The use of an accessory such as a humidifier may be desirable, however. Some patients find treatment more comfortable if the air from the blower outlet is humidified, which can be achieved by placing a humidifier in between the blower and the supply conduit. The humidifier includes a chamber containing a volume of water, which water acts to humidify the breathable air flowing through the humidifier. However as discussed above, the presence of the humidifier in the air flow path alters and may degrade the air pressure signal which can be detected by transducers in the blower.
One embodiment of U.S. Pat. No. 5,537,997, schematically illustrated in FIG. 27, discloses using a second conduit 522 to connect a pressure transducer 508 inside the CPAP apparatus 500 to a point in the supply conduit 506 between the humidifier 520 and the mask 504. However, the second conduit 522 represents additional componentry which can be an inconvenience for the patient and the clinician administering use of the CPAP apparatus. In U.S. Pat. No. 5,537,997, the second conduit 522 extends externally of the humidifier 520. Such extra tubing may tangle easily and become disconnected. This is disadvantageous, since typical patients have poor dexterity and the pressure and/or snore signal is used to maintain the intended therapy.
Apparatuses utilizing additional tubing are also disadvantageous, as cleaning and disinfection may be difficult. Disinfection prevents cross-infection of patients using a shared blower.
Another attempt to diminish signal attenuation is schematically illustrated in FIGS. 28 and 29 and are disclosed in U.S. patent application Ser. No. 09/099,665, incorporated herein by reference. In the embodiment of FIGS. 28-29, the humidifier can be removed and replaced with appropriate tubing and/or a conduit FIG. 29 shows the humidifier after its removal, with the appropriate tubing/conduit in its place. Like he embodiment of FIG. 27, the pressure transducer in FIG. 28 is between the humidifier and the mask, which avoids routing the signal through the humidifier.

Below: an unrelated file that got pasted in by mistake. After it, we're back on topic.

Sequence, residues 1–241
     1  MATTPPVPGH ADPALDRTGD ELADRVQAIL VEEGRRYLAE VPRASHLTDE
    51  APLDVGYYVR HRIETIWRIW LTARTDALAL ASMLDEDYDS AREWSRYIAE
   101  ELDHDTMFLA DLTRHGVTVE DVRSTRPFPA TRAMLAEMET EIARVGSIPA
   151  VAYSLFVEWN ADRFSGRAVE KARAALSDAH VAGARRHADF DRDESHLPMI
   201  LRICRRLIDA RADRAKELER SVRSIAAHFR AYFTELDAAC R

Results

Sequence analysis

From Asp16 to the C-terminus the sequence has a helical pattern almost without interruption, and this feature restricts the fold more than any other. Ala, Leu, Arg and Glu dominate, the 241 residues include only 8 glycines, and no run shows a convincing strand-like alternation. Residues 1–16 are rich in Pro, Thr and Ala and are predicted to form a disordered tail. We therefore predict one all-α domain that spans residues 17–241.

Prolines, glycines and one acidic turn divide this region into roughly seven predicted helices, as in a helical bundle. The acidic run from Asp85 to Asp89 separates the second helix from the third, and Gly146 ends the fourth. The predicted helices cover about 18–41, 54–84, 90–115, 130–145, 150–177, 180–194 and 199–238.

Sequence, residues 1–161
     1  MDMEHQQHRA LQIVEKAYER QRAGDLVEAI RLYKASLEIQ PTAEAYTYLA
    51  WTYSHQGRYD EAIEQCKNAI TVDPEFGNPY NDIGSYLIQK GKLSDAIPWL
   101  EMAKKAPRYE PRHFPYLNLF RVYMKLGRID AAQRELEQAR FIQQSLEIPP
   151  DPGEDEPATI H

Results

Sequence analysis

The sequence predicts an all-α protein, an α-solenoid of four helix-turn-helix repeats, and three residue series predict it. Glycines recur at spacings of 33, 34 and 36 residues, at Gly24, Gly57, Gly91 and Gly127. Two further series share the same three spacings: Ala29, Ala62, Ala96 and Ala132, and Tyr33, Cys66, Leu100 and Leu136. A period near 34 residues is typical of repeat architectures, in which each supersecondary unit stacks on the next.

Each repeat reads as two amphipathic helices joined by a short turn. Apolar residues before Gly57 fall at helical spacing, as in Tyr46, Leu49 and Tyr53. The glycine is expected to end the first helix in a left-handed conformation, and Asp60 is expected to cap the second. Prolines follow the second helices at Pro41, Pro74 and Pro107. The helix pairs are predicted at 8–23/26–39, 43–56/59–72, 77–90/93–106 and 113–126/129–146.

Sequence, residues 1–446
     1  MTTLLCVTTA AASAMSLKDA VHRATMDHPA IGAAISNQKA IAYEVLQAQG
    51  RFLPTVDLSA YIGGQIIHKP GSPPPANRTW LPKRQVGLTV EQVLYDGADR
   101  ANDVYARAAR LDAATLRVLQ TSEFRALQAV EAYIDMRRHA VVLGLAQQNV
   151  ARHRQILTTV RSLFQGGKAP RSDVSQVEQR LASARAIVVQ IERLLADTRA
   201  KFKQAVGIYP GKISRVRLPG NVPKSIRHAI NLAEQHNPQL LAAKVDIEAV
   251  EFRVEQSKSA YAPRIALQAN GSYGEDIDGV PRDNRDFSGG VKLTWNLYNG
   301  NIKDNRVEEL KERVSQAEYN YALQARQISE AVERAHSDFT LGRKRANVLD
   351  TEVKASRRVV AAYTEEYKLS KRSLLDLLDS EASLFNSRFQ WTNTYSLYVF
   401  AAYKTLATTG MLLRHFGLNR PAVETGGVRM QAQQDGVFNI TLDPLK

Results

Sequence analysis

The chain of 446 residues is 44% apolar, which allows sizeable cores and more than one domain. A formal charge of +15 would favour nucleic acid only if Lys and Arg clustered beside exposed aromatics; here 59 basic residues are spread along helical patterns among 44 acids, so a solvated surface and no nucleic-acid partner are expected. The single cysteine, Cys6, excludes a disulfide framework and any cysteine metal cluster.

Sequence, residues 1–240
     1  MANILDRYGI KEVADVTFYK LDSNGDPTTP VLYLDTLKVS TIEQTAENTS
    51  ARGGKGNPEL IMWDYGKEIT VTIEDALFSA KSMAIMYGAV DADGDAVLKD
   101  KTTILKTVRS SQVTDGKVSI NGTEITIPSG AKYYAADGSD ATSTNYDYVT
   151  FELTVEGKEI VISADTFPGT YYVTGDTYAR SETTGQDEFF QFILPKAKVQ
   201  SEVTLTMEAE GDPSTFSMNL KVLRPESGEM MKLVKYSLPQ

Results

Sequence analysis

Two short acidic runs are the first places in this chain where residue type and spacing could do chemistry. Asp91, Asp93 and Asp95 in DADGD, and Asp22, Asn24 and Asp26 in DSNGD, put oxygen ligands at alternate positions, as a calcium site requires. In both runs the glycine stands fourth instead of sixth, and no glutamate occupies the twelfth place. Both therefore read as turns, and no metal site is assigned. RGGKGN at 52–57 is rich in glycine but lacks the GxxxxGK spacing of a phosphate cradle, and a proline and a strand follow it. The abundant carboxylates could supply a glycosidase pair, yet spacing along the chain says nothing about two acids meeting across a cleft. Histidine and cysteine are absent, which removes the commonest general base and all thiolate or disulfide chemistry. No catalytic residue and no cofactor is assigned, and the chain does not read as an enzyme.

It is one aspect of the present invention to substantially overcome or at least ameliorate the above disadvantages or at least provide a useful alternative.
It is another aspect to provide a humidifier for a CPAP apparatus with first and second passages, one of which avoids the degradation of measurement signals typically incurred due to attenuation within the humidifier.
It is another aspect to provide a humidifier for a CPAP apparatus with first and second passages, wherein the first and second passages are formed integrally with the humidifier.
It is yet another aspect to provide a humidifier for a CPAP apparatus which has separable componentry that separates to substantially entirely expose the interiors of the components.
It is another aspect to provide a humidifier for a CPAP apparatus that is relatively easier to manufacture than prior art humidifiers.
It is another aspect to provide a humidifier for a CPAP apparatus that is relatively easier to assemble than prior art humidifiers.
It is another aspect to provide a humidifier for a CPAP apparatus that is relatively easier to disassemble than prior art humidifiers.